ReSource Award - Winner 2015

Project Description

In the Pantanal region of Brazil, one of the world’s largest tropical wetlands, deforestation and replacement of native vegetation with planted exotic pastures and crops in headwater basins have contributed to stream siltation and changes in hydrologic balance, reducing water quality and quantity. Starting with a pilot municipality called Corguinho that contains key headwater basins of the Negro, Taboco and Aquidauana rivers, the Wildlife Conservation Society (WCS) will leverage locally-trusted municipal- personnel and well-established networks and organizations  to: (1) conduct municipal-scale watershed assessments and land-use planning, (2) train capacity builders to promote sustainable land-use practices, (3) set up three sustainably-managed model properties, and (4) scale up positive impacts to neighboring municipalities.


Project goal and impact

Drawing on proven approaches to promoting sustainable land use on individual properties,  WCS will scale-up impacts to Corguinho’s extensive watersheds with municipal land use planning that helps  protect and restore the ecological function of streams and native vegetation areas, while optimizing sustainable land use.


Preservation and rehabilitation of native vegetation cover in headwater basins will mitigate the impacts of erosion and channel siltation in headwater streams and help reconnect fragmented stream sections and native vegetation reserves. This, in turn, should increase the long-term resilience of watershed services and the capacity of rural communities, to adapt to climate change.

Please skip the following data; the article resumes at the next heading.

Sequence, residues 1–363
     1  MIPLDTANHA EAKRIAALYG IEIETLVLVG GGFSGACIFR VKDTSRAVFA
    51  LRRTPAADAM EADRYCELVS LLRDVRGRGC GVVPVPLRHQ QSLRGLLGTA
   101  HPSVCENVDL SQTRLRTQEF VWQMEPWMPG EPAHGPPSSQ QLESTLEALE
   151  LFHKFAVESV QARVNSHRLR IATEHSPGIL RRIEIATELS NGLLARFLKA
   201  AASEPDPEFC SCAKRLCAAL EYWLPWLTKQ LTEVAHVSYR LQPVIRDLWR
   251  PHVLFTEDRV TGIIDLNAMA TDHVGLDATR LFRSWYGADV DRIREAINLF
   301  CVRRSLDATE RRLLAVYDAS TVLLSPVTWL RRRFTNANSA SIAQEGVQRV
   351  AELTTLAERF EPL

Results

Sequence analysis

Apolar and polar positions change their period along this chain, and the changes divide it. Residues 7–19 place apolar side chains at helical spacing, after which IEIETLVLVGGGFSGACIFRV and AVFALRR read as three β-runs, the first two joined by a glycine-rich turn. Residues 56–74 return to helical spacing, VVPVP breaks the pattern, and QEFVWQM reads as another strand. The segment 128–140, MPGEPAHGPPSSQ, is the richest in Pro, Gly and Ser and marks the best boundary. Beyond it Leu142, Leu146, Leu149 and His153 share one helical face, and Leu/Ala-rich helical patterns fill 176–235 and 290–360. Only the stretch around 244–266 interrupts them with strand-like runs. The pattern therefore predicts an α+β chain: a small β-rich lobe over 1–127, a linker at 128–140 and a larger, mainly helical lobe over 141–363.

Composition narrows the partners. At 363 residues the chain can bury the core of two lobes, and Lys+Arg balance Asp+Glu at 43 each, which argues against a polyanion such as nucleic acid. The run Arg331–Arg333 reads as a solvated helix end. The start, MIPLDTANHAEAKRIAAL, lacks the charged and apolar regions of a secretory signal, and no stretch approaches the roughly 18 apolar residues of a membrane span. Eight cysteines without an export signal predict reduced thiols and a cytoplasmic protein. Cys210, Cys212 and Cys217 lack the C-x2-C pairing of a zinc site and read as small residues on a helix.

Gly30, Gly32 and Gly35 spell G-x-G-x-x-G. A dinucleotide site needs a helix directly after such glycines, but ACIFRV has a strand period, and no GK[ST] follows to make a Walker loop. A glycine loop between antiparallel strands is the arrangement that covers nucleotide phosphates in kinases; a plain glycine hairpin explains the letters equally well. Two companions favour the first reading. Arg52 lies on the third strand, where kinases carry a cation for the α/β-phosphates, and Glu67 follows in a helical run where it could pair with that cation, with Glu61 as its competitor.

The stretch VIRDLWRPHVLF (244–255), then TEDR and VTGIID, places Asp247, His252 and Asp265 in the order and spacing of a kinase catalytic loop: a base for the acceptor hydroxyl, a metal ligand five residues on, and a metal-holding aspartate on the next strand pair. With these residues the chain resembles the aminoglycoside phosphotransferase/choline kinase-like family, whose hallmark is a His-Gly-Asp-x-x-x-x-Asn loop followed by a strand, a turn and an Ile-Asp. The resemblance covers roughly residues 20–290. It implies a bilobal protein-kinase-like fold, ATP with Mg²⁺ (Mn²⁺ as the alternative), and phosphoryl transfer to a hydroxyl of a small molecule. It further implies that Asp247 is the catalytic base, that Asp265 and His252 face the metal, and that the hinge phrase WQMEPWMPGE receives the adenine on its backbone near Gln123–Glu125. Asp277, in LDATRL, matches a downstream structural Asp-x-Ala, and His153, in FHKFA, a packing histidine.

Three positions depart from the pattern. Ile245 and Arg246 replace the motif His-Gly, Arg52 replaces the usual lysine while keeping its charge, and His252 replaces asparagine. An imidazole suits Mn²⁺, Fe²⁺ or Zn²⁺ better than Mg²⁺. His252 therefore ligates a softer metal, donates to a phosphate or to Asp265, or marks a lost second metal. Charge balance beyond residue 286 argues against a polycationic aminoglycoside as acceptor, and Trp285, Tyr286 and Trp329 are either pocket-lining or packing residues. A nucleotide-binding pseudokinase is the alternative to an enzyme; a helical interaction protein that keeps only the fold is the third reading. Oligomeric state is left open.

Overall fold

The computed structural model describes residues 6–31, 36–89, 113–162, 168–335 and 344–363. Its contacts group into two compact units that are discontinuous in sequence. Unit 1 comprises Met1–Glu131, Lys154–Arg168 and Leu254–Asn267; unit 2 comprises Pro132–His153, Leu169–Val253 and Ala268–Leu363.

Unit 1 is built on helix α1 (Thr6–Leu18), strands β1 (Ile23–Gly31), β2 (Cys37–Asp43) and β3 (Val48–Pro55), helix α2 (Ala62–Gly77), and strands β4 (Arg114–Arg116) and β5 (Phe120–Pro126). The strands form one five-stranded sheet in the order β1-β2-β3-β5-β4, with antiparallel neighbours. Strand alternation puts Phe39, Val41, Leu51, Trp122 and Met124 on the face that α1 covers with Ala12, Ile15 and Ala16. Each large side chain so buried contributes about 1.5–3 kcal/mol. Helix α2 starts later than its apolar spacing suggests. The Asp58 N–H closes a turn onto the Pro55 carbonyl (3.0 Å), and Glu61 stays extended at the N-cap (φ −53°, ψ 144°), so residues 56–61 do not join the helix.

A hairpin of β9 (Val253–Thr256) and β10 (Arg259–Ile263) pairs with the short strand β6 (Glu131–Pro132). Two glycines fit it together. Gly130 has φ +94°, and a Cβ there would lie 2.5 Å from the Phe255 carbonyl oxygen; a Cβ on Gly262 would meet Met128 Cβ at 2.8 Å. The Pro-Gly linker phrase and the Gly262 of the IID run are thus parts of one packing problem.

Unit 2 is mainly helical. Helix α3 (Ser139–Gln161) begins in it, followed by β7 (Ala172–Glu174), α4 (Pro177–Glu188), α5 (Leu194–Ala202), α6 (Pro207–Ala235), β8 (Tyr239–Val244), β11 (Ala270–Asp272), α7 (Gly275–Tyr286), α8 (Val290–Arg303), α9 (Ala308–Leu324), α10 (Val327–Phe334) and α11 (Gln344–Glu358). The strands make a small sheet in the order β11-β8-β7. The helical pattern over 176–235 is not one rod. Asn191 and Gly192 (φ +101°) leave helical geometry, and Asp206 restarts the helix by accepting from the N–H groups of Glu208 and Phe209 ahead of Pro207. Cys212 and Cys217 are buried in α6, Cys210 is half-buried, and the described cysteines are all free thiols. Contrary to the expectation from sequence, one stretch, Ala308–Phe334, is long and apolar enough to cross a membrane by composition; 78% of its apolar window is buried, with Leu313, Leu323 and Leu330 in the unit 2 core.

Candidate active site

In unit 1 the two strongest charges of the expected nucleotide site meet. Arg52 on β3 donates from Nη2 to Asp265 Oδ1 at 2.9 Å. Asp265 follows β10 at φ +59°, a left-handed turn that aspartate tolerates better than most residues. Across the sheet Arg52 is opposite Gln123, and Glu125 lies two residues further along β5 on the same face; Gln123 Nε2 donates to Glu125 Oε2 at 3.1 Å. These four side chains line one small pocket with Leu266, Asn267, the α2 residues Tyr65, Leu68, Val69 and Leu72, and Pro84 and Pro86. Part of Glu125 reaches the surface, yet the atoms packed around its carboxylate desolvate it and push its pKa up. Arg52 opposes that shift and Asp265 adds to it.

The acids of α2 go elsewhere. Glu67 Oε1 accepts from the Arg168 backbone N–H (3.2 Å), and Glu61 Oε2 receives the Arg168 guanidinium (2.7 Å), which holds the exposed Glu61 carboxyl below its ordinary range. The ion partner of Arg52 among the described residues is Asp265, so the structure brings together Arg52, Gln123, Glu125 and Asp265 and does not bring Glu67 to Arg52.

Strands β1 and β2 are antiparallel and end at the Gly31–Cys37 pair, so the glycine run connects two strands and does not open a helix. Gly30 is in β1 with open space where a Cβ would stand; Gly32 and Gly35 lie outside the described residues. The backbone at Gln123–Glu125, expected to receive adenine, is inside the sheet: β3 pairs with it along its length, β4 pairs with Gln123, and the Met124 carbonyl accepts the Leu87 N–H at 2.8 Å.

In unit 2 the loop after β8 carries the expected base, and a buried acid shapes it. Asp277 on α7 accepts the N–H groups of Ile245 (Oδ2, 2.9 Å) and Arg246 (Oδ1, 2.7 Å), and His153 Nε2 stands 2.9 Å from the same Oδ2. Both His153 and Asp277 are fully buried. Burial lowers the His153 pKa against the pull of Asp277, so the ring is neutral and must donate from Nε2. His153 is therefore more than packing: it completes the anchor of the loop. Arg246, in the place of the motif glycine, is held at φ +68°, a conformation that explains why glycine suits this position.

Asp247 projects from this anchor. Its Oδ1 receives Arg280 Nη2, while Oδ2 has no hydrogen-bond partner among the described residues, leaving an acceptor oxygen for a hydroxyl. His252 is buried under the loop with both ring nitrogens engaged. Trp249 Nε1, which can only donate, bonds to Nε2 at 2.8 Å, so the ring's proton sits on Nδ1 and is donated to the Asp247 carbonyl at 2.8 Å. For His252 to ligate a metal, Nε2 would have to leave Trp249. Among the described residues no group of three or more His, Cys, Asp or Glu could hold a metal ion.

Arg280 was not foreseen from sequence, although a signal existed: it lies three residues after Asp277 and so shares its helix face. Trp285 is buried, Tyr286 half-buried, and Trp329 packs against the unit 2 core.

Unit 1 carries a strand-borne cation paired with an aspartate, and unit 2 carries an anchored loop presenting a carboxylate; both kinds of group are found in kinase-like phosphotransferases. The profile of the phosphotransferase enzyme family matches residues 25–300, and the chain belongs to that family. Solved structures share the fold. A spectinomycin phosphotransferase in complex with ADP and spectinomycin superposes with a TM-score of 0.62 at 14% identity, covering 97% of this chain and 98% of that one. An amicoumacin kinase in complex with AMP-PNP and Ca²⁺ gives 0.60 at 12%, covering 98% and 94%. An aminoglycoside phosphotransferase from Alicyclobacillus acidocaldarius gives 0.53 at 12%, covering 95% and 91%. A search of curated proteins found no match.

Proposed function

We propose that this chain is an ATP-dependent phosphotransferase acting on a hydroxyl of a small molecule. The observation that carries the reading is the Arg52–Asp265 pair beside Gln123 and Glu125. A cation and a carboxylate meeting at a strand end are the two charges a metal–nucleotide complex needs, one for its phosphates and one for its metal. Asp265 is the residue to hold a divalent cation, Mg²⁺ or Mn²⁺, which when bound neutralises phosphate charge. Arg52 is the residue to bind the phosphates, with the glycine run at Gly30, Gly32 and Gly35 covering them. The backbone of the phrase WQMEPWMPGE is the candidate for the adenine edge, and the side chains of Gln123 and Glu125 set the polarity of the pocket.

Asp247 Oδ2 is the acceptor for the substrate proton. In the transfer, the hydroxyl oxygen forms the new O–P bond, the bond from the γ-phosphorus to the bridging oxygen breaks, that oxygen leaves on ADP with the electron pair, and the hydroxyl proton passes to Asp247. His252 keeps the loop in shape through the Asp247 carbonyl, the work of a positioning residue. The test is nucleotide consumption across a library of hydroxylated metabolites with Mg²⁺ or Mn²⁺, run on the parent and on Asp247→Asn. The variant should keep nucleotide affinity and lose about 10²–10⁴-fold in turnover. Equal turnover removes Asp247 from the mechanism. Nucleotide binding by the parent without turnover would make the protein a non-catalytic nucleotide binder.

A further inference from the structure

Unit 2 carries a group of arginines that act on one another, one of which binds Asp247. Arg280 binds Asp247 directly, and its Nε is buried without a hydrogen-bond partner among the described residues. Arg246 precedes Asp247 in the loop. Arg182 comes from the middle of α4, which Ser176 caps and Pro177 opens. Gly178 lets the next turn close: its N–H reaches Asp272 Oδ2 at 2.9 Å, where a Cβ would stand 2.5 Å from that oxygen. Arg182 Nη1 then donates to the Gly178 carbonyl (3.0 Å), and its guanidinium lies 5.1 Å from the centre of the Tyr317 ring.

Poor land use practices degrade water quality and reduce stream flows, threatening rural livelihoods. Improved water quality and quantity will promote long-term economic sustainability in headwater basins and on the Pantanal floodplain. In addition, wider adoption of sustainable land use practices will lower the long-term costs of cattle production and increase pasture-stocking capacity as well as ranch profits.



To test and promote innovative sustainable land use practices, WCS will work with local landowners from diverse socioeconomic sectors to set up three sustainably-managed model properties. To facilitate transfer of project ownership to Corguinho, WCS will train municipal personnel to maintain a land-use planning database, promote sustainable land-use practices, and raise additional funds for project continuity. A sustainability outreach team, consisting of WCS staff and a variety of Corguinho stakeholders will then organize events with neighboring municipalities to highlight innovations and positive impacts from pilot-municipality land-use planning, sustainable land-use practices, and community outreach.


Participation of the communities

 Government leaders, environmental officers and members of local landowner organizations from Corguinho will work with WCS staff to develop a municipal land-use plan and a spatially-explicit investment strategy for promoting sustainable land-use practices and watershed protection. Furthermore,  landowners representing the three main socioeconomic sectors in Corguinho will work with WCS staff to set up and implement sustainable land-use practices on three model properties.


Long-term viability

Operational responsibility for the project will be gradually transferred from WCS and its partners to the Corguinho municipal government, which will also become financially responsible for a majority of activities. WCS will scale up regional adoption of Corguinho’s policies promoting watershed protection, land-use planning and sustainable land-use practices by organizing events with neighboring municipalities that demonstrate a variety of benefits for the environment and rural livelihoods.